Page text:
Latest Happenings at Celebrate Living History! Semester 1: 2015
It is an unfortunate fact that people often overlook the great
efforts of women during war times. During the Second
World War, women served in many crucial roles, including
overseas roles, such as in New Guinea and Singapore, as
nurses, anti-aircraft gunners, mechanics, and radio
operators. Not only this, but as in the case of Audrey Martin,
in the Signals Corps.
Ms Martin, born in the early 1920s in Berrigan, in the
Riverina region of New South Wales, was the youngest of
seven children. She is now the only one left.
Her life has been a very long one, she says, and she has a
little trouble picking out particular memories of it, though
years that still loom large in her mind are the years in which
She is fondest of her Army years, and she entered into them
with remarkably little fuss.
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people and seniors to
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Celebrate Living History Newsletter
Semester 1 2015
Audrey, A Woman in the War
By Jake Watson
Swinburne University Intern
Meet Our Student Interns
The Importance of Sharing
Locals of Frankston
Our first How to Woo a
Senior and get a great
Swinburne University journalism interns Semester 1 2015
Celebrate Living History PO BOX 11253 Frankston 3199 www.celebratelivinghistory.com2
Semester 1 2015
Meet Our Student Interns
What do you
hope to get
out of the
program this semester?
My internship will involve me
meeting, photographing and writing
profiles on two ‘characters’ from the
Mornington Peninsula for Celebrate
This great initiative is based within
my own community and I hope to
gain opportunities through this
network to meet and write for more
people who, in many cases, feel they
no longer have a voice.
I hope to gain a better
appreciation of the
elderly by hearing
I feel that I can learn
a lot from them and I
will gain a lot of
that I’ve shared
someone’s story, a story that may have
been completely forgotten after they
I believe everyone deserves to have their
story told and that this program is a
wonderful one. It gives back meaning to
the people who may no longer be able to
find it themselves.
The Importance of Sharing Stories
By Melissa Haber
In 2012 I was fortunate enough to have been given
the opportunity to complete an internship.
From the list of worthwhile candidates to choose
from, one organisation in particular stood out from
the rest and not signing up was NOT an option.
Celebrate Living History is a organisation that aims
to connect socially isolated and vulnerable senior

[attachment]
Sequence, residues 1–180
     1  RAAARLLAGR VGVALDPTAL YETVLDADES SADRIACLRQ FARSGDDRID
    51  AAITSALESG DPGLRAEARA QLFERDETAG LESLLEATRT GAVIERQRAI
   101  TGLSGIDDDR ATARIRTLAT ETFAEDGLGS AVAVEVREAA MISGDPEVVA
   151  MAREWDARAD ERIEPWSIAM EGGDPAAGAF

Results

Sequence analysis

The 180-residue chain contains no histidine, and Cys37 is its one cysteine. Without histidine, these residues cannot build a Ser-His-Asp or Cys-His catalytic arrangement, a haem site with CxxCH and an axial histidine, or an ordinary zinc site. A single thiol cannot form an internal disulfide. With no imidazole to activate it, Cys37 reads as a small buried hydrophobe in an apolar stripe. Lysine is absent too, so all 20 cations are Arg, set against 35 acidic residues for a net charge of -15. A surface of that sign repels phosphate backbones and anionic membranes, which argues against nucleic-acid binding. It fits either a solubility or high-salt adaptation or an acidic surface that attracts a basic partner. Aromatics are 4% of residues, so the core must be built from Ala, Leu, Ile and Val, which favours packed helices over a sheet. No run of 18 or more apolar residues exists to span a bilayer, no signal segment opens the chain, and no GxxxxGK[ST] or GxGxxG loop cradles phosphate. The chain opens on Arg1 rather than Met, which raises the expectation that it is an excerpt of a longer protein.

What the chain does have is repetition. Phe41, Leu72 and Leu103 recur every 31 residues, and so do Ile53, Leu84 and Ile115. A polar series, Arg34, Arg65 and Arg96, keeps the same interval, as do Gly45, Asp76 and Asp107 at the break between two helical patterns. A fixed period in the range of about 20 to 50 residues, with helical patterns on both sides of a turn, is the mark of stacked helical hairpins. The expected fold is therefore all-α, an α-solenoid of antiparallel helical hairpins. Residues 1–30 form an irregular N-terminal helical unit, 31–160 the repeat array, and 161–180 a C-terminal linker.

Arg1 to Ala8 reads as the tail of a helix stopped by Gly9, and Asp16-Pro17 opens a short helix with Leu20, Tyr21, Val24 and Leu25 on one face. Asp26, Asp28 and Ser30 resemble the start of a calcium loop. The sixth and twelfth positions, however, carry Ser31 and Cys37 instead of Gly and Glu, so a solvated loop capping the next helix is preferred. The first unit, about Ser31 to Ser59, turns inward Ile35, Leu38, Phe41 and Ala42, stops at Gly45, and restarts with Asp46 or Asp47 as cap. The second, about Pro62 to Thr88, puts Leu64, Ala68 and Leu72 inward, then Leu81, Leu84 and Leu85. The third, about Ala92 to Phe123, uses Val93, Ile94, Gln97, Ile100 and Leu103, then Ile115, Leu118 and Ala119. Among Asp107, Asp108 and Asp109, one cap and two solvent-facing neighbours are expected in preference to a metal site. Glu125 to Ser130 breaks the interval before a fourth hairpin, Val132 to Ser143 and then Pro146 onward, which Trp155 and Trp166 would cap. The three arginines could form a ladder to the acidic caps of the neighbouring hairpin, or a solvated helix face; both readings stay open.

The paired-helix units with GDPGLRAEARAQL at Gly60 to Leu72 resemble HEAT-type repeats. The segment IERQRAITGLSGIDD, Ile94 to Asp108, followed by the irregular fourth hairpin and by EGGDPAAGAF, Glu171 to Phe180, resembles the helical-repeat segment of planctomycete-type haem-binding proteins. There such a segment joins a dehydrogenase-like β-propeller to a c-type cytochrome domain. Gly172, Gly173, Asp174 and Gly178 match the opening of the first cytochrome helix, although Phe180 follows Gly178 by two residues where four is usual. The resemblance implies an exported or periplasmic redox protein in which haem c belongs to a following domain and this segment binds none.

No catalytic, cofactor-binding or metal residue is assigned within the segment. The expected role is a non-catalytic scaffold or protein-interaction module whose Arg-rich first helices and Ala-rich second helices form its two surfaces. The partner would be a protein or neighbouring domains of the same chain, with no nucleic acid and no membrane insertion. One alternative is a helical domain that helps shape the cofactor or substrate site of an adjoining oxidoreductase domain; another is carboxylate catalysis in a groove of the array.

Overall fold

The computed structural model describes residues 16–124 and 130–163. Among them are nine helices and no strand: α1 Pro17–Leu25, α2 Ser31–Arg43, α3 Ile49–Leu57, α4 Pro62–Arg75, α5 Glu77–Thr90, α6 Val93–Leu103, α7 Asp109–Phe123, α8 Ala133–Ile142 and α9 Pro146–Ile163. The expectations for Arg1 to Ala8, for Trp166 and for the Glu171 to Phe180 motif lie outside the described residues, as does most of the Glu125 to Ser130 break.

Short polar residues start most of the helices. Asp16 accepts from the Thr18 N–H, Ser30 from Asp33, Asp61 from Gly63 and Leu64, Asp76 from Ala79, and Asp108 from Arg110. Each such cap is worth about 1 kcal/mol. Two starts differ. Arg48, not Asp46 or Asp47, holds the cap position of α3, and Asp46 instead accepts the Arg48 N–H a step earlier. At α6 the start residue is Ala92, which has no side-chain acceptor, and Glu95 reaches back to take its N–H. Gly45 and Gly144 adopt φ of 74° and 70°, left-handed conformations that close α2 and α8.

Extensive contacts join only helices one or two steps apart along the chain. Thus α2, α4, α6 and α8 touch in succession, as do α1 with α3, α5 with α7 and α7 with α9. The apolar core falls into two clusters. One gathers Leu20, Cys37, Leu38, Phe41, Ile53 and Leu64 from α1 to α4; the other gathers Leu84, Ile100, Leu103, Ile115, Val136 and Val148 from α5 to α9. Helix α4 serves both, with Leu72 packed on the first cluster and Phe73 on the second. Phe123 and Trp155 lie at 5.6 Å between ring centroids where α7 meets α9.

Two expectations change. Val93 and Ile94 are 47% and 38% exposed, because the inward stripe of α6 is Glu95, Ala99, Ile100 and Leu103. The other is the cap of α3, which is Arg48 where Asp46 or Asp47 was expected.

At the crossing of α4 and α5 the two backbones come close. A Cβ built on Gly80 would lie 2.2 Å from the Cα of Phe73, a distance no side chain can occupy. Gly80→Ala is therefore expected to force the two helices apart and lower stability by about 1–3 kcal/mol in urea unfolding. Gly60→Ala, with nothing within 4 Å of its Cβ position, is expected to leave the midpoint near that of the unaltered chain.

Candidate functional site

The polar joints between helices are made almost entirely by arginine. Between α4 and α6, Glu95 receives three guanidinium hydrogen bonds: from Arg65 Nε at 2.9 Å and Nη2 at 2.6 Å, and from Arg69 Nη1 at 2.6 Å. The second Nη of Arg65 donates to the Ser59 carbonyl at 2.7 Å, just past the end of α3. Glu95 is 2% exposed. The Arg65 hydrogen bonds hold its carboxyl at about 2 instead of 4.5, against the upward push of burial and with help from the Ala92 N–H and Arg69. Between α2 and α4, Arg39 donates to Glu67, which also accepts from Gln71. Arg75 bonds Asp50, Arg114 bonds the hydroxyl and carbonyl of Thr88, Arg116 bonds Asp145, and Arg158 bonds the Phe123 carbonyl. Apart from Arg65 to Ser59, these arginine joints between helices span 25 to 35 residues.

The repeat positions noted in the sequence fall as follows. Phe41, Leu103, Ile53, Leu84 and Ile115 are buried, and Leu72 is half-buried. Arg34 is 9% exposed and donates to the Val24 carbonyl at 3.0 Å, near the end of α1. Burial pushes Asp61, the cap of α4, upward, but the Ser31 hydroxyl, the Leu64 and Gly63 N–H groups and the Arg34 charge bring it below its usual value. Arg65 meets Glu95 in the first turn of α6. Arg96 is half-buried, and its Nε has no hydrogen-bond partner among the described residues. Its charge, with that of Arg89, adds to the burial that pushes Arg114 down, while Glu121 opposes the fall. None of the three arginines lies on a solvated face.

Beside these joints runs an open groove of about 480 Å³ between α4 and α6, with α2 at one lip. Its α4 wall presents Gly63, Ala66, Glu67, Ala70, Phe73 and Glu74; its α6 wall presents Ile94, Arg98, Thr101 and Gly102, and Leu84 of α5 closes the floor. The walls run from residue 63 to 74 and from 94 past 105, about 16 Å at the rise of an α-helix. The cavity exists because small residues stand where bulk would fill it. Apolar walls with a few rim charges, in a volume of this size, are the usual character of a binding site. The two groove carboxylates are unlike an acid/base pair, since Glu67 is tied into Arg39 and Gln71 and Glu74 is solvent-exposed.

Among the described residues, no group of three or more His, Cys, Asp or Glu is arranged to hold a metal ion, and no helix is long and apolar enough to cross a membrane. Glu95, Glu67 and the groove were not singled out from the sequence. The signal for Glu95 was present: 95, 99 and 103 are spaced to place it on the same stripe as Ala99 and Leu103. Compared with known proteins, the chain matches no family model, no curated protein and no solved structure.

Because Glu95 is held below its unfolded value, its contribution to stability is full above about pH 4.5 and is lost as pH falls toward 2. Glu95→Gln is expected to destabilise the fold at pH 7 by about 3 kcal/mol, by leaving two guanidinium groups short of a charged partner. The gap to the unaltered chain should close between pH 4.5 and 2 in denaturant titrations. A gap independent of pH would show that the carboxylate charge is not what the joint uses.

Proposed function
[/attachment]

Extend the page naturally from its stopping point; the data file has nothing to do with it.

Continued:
citizens to younger generations, to share life stories
and build communication skills between two age
groups that would not normally mix.
This was something I thought would be a really
wonderful thing to be part of. Nothing breaks my
heart more than seeing elderly people be pushed
aside and ignored by society. They should be treated
as valued and respected members of our community,
and they have many things to teach us. They have
lived through a lot and have seen the world grow,
develop and change into what it is today. One way
to show our respect is to listen and learn, as well as
document their life stories so they can be read and
treasured for many years to come.
We were lucky to be one of
the top 20 finalists long
listed for the Walkley
Grants for Innovation in
Journalism. Part of our
team Bev, Melissa, Rhiann
and Emma attended the
workshop in Melbourne.
Melissa with founder of
Celebrate Living History
Celebrate Living History PO BOX 11253 Frankston 3199 www.celebratelivinghistory.com4
Continued from page 1
“The war came,” she says. “And I decided I was
going to be in it. So, I joined the Army.”
So she joined the Signals Corps, doing work she found
interesting and which she enjoyed. During her five years in
the military, she rose to the rank of Lieutenant, and was
married, though they did not have kids.
They were careful during the war days, such uncertain times,
not to enter into such a contract. Not to mention some stern
advice from her mother. “You’d better not start having a
family,” Audrey was told. “It’d be a bit difficult.”
The events of such a long life have become a little jumbled for
her, and some specific years and dates have avoided her
recollection, though at some point after the war she left the
Signals Corps and went into the Department of Army, which
since the outbreak of World War II had controlled the